Why do most injury solicitors charge 25% success fees?

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Nearly all personal injury solicitors receive a success fee of 25% of a claimant's compensation. Before 2013 this was not the case. So what has changed?

What are success fees?

In most successful no win, no fee claims, claimants will pay a success fee to their solicitor.

Before the Legal Aid, Sentencing and Punishment of Offenders Act 2012 (LASPO) ame into force in 2013, success fees were paid by the defendant, meaning claimants kept 100% of their compensation. Since the law changed in April 2013, claimants on a no win, no fee agreement must pay a success fee out of their compensation.

This success fee is usually a percentage of the total compensation award or settlement. In most cases, the success fee will be 25%.

Is there any success fee competition between solicitor firms?

The legislation was expected to encourage competition between solicitors. Increased competition was intended to lead to more competitive success fees, helping injured claimants keep more of their compensation.

However, since the changes in the law, real competition has not emerged. The majority of solicitors now charge a 25% success fee. 25% is the maximum success fee allowed by the Ministry of Justice.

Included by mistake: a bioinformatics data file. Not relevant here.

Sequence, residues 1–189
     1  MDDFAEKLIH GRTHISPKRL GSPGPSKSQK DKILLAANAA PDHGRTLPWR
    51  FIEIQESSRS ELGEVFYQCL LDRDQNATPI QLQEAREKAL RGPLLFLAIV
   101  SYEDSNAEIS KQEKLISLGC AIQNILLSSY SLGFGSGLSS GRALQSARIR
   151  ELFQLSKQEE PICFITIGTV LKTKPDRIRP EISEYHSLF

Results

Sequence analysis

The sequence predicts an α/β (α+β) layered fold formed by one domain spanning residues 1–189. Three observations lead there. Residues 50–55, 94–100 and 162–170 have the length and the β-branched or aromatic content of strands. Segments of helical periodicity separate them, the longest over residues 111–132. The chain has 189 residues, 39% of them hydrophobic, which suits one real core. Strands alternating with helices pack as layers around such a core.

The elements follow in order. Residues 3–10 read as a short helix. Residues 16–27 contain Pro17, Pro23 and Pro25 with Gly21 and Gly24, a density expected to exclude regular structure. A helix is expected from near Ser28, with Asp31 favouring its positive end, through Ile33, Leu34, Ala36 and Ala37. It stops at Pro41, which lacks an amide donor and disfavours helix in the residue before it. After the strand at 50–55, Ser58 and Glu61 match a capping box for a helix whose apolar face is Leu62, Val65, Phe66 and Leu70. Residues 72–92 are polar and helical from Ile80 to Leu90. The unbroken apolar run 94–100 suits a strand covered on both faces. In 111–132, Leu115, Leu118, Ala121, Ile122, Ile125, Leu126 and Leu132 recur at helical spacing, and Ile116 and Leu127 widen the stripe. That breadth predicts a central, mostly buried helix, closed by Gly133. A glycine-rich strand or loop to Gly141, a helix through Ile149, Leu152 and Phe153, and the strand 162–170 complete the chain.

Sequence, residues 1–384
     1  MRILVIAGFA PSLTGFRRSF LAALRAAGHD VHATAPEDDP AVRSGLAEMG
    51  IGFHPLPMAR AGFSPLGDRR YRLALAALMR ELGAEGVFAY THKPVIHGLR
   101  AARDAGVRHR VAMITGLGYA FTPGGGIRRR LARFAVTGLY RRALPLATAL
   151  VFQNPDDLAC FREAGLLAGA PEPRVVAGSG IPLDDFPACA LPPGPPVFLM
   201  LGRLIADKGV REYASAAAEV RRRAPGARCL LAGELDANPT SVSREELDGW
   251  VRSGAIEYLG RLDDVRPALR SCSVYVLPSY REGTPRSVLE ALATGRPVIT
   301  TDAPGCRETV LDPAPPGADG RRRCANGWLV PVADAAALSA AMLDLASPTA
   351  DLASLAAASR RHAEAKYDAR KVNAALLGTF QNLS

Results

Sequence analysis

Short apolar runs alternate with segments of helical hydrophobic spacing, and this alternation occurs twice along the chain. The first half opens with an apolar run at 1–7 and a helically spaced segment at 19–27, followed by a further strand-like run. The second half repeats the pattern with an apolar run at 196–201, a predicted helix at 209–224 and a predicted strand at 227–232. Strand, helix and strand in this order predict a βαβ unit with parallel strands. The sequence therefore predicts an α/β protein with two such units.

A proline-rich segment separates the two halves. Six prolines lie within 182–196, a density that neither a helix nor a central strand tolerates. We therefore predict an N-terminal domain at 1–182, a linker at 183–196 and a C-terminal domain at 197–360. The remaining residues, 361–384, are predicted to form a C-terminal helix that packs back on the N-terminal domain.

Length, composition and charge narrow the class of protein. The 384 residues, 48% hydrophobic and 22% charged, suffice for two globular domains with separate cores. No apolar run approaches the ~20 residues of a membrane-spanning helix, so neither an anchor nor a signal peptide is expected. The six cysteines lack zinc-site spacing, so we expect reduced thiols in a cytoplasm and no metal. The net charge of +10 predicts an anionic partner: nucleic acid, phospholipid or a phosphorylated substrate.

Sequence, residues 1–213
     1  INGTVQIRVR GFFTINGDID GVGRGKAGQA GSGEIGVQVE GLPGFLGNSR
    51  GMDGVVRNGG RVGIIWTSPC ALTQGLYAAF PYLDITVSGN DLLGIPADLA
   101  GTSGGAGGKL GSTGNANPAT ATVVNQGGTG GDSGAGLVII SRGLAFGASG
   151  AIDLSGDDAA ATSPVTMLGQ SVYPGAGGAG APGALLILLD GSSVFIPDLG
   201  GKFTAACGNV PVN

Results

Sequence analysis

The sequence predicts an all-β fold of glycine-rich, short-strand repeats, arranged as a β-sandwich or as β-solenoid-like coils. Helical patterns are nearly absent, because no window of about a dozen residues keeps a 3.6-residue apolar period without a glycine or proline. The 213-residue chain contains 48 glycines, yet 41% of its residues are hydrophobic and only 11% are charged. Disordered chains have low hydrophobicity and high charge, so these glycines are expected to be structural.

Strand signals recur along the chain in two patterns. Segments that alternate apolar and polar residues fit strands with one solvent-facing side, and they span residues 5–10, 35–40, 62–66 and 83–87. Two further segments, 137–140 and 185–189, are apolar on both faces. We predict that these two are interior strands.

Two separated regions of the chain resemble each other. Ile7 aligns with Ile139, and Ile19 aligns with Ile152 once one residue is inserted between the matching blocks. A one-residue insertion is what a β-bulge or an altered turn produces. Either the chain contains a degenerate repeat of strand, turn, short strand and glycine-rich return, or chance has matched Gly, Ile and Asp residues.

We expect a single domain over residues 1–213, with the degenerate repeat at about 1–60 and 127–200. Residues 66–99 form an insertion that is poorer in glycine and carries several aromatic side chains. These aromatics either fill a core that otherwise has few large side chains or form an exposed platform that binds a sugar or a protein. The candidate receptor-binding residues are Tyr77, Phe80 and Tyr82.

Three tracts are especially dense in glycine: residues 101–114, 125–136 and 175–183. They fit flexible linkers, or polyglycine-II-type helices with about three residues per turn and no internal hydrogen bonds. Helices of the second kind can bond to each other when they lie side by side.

District judge ruling

In September 2015, a case involving two children highlighted the lack of success fee competition between solicitors.

In the case of A & Anor v Royal Mail Group [2015], District Judge Lumb intervened on solicitors costs.

Speaking about the case, Judge Lumb said it was expected that:

"the deregulation of success fees would lead to a competitive market between solicitors to offer the lowest success fees to secure the work, it is equally true to observe that this has not transpired, at least not yet.”

Judge Lumb added:

“This may be because the public have not been in a position to make an informed choice to shop around for the best deal. Until solicitors incorporate within their marketing an intention to be competitive with other firms concerning success fees Sir Rupert Jackson's aspirational forecast is unlikely to come to pass."

Why do most solicitors charge the maximum 25% success fee?

Success fees were introduced as a key part of funding a personal injury claim when Legal Aid was abolished in 2000.

Without Legal Aid, some potential claimants would have been unable to afford to take a matter to court. This situation would violate a fundamental principle of English law, instituted in the Magna Carta, giving everyone access to justice.

No win, no fee is a solution to this problem, enabling claimants of any economic background to take a matter to court without the risk of being charged solicitors fees if their claim is not successful.

Solicitors working on this basis earn nothing if the claim is unsuccessful. To compensate the solicitor for taking the risk, success fees enable the solicitor to recover more revenue for cases that they win.

Changes in the law

Before 2013, success fees were paid by the defendant, along with the claimant's other legal costs. This meant that claimants kept all of their compensation.